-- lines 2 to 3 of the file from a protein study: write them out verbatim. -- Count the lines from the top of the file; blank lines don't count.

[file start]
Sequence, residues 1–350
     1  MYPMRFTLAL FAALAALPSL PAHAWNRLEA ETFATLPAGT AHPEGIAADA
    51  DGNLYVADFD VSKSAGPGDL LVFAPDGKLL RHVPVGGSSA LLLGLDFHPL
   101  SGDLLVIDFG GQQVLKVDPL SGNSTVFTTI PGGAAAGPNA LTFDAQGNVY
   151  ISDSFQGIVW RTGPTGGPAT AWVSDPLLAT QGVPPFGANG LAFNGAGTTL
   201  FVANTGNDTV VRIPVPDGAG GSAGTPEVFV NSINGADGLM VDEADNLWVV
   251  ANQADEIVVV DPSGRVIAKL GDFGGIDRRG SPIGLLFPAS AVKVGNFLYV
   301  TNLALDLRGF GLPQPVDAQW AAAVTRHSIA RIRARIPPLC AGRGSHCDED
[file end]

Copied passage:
     1  MYPMRFTLAL FAALAALPSL PAHAWNRLEA ETFATLPAGT AHPEGIAADA
    51  DGNLYVADFD VSKSAGPGDL LVFAPDGKLL RHVPVGGSSA LLLGLDFHPL